“You don’t win friends with salad“ – Homer Simpson (1995)
I was a very late convert to the merits of a salad. Because, you see, a good salad is not a simple thing. It is something that requires an understanding of flavours, texture and balance. It is a culinary dark art. In her book, The Art of Simple Cooking, Alice Waters (the undisputed Californian queen of the Slow Food movement and – probably – all salad matters as well), makes clear that salads are anything but – for Alice, every ingredient must be tasted and individually seasoned before being allowed into the composition. Restaurants do salads very well. They have this technical cookery nouse plus lots of fancy ingredients lying about the place that can be knocked up into something really very good. But, unless you want to eat the same salad (or a variation thereof) every day for a week, it is difficult to make a great salad at home and not end up with odd leftovers that end up going off.
But my enigmatic employment status and childcare obligations mean that I am mostly at home for lunch these days and so it was time to get a grip and find some alternatives to peanut butter on toast, which didn’t involve cooking (not on the cards after toddler lunch at noon). Thus began my mission to find some simple but exciting salads, using seasonal vegetables rather than a bag of mixed leaves and a tomato. Naturally, I looked to Nigel Slater. Because what that man doesn’t know about a vegetable is really not worth knowing. And because most of his recipes have 43 fewer ingredients than those of Yotam Ottolenghi – whose mind-blowing salads might otherwise have been an obvious place to start.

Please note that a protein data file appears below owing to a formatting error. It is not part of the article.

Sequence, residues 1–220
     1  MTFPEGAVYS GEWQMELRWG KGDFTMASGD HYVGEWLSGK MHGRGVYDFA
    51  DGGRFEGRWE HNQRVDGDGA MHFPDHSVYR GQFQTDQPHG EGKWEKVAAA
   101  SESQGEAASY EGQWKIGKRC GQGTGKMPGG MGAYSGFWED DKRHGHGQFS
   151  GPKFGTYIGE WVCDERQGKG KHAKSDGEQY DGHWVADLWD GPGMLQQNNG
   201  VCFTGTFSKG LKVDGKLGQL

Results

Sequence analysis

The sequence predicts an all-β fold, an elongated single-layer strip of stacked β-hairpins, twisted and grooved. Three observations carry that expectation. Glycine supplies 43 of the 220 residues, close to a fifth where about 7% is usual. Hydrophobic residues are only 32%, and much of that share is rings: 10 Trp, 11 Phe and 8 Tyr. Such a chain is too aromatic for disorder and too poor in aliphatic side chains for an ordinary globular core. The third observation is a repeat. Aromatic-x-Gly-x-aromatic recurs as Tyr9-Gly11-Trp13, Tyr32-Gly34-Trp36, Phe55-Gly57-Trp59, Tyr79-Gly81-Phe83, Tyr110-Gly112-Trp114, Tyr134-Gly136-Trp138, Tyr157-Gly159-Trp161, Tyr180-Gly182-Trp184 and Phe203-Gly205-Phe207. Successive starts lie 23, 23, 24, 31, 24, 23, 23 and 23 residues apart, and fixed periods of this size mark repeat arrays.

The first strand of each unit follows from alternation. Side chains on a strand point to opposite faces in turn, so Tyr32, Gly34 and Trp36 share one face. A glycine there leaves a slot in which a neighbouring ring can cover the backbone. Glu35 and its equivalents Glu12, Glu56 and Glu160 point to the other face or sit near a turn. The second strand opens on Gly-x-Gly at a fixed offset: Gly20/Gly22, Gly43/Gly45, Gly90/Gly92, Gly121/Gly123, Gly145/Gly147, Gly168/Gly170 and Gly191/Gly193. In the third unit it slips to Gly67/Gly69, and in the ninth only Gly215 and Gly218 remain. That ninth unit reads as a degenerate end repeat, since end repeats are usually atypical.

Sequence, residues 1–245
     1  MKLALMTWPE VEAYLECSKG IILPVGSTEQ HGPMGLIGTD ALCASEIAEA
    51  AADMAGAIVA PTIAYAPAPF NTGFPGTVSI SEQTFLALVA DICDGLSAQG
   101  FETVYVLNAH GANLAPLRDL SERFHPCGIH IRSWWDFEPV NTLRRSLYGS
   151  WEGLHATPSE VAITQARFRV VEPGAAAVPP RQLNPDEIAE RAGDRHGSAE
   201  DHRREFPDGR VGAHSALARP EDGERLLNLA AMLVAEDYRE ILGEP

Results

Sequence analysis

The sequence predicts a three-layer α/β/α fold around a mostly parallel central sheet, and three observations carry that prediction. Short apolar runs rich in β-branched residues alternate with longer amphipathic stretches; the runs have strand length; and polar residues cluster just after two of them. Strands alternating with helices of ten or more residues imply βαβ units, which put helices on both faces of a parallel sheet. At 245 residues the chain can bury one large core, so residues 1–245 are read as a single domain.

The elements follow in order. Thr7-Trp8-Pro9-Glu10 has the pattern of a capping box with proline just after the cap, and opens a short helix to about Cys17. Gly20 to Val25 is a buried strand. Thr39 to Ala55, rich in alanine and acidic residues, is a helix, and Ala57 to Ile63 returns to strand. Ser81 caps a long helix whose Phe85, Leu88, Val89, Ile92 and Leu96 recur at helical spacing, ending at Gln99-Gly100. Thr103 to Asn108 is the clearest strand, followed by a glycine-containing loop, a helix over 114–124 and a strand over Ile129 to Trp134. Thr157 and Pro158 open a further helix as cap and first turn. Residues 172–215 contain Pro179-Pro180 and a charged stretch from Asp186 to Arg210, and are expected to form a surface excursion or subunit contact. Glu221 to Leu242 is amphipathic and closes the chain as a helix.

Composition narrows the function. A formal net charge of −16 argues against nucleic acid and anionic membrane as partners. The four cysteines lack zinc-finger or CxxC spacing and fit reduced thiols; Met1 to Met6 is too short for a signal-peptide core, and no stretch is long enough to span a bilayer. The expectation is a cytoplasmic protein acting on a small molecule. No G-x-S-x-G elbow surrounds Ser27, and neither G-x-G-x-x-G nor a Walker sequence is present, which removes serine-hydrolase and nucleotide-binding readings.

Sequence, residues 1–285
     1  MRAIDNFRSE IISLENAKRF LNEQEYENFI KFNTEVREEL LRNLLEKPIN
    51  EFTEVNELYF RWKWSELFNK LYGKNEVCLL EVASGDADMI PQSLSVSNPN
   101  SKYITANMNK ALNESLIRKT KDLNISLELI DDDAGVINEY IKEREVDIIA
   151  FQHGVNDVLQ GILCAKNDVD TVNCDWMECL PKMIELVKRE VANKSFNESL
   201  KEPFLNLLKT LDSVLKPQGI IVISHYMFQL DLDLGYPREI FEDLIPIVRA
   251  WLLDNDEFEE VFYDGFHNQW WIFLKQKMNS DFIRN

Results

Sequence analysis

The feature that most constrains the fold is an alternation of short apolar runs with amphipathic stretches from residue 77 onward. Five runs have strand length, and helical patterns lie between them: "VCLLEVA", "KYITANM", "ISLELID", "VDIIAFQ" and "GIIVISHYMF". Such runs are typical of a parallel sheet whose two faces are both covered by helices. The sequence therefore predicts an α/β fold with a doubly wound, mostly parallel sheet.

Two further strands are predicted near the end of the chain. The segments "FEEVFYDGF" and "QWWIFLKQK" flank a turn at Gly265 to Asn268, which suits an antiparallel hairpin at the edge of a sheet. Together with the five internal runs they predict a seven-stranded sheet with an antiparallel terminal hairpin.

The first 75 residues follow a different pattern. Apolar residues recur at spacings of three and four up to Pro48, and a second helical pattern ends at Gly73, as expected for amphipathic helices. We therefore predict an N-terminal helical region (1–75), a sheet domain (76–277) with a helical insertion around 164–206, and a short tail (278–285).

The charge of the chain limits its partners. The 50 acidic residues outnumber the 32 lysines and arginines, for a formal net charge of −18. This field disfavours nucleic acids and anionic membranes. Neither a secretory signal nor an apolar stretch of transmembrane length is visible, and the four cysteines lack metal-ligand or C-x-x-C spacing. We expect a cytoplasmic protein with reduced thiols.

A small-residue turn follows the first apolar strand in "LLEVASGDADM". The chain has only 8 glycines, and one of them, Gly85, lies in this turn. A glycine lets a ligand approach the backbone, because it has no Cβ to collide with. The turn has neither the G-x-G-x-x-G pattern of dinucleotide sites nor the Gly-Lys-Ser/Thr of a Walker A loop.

This is a perfect winter salad – something really colourful and refreshing when all you’ve eaten for months is casserole and carbs – but UK beetroot should be around for another few weeks at least so I am still classing this as ‘seasonal’ (let’s gloss over the local seasonality of fennel shall we?). Beetroot is rather good for you – it has a unique group of antioxidants called betacyanins, which we are told support liver function, strengthen the heart, purify the blood and are anti-inflammatory. It also contains potassium, magnesium, iron, vitamins A, B6 and C, folic acid and soluble fibre. All marvellous – just a shame that it has something of the compost heap about it, which had pretty much limited my previous dalliances with it to the pickled variety and a beetroot chocolate cake that didn’t really set the world on fire. But when raw, cut thinly and paired with the right things, that earthiness is offset by a lovely sweetness. Fennel too is another vegetable winner – full of potassium, tons of vitamin C and good for the digestion in a gripe water kind of way.
- Half a small fennel bulb
- Quarter of a medium onion
- 2 small beetroot (one purple and one yellow but only because I had both and they look pretty)
- ⅔ tbsps of soured cream (or crème fraîche, or kefir, or buttermilk or whatever sour full-fat dairy product you’re into - see notes)
- 1 tbsp of olive oil
- Red wine vinegar (optional – see notes)
- Peel and finely slice the beetroot. I peel raw beetroot with the back of a teaspoon – the old trick for peeling root ginger – and it works rather well. (Do wear those disposable kitchen gloves that are unhappily reminiscent of custom officers and cavity searches, if you have them. Or use just yellow beetroot or those beautiful Chioggia ones if you really hate the Lady Macbeth look).